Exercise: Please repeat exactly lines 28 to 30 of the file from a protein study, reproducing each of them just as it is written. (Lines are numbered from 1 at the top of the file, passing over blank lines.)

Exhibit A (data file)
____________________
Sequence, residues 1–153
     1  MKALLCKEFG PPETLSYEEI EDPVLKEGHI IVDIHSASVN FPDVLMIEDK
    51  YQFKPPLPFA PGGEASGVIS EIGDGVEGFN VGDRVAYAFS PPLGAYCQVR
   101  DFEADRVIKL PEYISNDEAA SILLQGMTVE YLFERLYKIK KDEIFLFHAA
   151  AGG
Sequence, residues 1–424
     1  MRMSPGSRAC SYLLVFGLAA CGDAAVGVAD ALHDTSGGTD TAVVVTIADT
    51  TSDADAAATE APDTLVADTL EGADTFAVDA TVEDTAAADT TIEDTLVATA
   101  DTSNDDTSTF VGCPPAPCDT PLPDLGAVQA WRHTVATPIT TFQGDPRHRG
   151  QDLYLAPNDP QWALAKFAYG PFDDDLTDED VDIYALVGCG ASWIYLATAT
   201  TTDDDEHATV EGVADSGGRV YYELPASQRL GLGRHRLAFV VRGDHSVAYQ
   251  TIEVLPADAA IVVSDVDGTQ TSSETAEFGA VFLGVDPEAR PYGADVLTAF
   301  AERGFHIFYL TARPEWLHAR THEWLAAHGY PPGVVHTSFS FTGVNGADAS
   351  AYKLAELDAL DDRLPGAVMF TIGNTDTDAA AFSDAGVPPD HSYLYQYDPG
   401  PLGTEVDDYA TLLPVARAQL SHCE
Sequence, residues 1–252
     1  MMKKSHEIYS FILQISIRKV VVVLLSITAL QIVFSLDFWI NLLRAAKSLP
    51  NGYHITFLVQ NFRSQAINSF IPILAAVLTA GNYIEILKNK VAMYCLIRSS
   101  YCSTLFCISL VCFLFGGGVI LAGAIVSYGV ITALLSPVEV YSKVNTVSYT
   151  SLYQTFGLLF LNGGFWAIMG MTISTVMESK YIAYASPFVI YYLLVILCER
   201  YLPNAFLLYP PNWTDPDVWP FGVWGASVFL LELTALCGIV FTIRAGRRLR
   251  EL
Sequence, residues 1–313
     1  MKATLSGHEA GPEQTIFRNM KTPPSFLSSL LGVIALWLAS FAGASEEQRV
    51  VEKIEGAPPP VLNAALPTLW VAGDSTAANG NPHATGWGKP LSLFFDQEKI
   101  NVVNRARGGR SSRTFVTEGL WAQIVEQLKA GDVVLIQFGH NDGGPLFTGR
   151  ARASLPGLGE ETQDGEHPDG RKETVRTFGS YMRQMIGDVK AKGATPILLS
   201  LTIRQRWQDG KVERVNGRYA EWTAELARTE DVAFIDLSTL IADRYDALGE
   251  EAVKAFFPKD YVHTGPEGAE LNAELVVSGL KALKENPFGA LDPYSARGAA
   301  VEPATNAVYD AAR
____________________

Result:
   201  LTIRQRWQDG KVERVNGRYA EWTAELARTE DVAFIDLSTL IADRYDALGE
   251  EAVKAFFPKD YVHTGPEGAE LNAELVVSGL KALKENPFGA LDPYSARGAA
   301  VEPATNAVYD AAR